Motivating Employees to be More Productive

Incentives

Image Credit: Flickr.com / opensourceway

Everyone knows that the best way to keep employees productive is to offer them monetary rewards as an incentive for productivity, right? Wrong. In fact, studies are finding that these types of rewards actually demotivate your employees. Instead, create a better, more productive work environment with a different kind of incentive.

Traditionally, productivity is viewed in very basic terms – if you do this, I will offer you this amount of money as a reward. This system is much like getting a horse to work by dangling a carrot on a stick in front of him. But employees aren’t horses. They aren’t motivated by the carrot. And, dangling a carrot in front of your best and brightest employees may actually cause them to seek employment elsewhere.

Contrary to popular belief, money isn’t a motivating factor. It can only motivate your employees for so long before it no longer becomes incentive enough for them to continue working as hard. This is because as humans, our brains aren’t hardwired for money.

Instead, humans are purpose driven. In order to be productive, and more importantly happy, employees must feel like what they are doing has a purpose, and that this purpose will better their life in more ways than the accumulation of a few extra dollars.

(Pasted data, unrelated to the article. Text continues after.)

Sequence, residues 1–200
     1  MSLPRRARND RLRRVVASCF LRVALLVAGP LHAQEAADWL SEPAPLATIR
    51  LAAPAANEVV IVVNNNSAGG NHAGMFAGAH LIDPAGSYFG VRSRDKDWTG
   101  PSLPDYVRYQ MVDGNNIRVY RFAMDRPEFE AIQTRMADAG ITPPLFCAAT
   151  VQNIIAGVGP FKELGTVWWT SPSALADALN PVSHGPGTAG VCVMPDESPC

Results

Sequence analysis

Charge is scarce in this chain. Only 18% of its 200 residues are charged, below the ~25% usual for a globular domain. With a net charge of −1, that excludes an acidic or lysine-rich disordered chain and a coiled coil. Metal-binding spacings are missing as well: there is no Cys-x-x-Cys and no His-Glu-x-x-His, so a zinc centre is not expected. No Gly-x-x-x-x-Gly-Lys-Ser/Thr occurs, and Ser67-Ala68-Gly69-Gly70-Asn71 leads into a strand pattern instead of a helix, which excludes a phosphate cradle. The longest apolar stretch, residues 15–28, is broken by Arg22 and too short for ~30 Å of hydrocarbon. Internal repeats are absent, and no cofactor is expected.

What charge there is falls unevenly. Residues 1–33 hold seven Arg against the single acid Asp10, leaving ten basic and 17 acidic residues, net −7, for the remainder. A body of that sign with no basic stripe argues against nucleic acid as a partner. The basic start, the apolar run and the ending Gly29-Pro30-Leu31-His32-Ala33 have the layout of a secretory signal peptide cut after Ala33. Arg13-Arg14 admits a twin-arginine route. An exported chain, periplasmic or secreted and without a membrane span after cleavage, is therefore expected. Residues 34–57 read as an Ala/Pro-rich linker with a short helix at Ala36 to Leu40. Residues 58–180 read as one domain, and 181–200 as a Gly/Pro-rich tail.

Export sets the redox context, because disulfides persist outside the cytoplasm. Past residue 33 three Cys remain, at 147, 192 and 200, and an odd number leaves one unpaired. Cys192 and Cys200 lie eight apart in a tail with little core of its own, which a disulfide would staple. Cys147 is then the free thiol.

How do you empower your employees with purpose instead of leading them with a carrot? By using these 3 factors as motivation instead.

Autonomy: The ability to be self-directed and direct their own lives and workflow in the office. If you want employees who are engaged and energized in the office, allow them to be their own manager when it comes to their specific work.

Mastery: People desire to master difficult things. The need to master something difficult is the whole reason people play instruments on the weekend, or learn to program for fun. They don’t do it because they are getting paid to learn these things; they do it for the thrill of learning and mastering something difficult.

Purpose: Having autonomy and mastery often leads to purpose. People want to feel like what they are doing matters. If an employee doesn’t understand the purpose behind their work, the bigger picture of who they are helping and why, the work becomes meaningless, and over time can stifle the creativity and potential of the employee, ultimately demotivating them.

So what kind of business do you want? One where employees that “toe the line” and follow orders, never innovating or growing the business; or one where employees are energized to come to work, happy to help and ready to innovate because they feel like what they are contributing really makes a difference in the world?

In order for your business to survive today, the answer is clear – chuck the carrot. For more information about how autonomy, mastery, and purpose are more motivational than money, check out this animated speech by RSA.


Julie Strier is a freelance writer who enjoys bringing peace and calm to your business.  Email: julie@mybusinesswriter.com. Website: www.mybusinesswriter.com.

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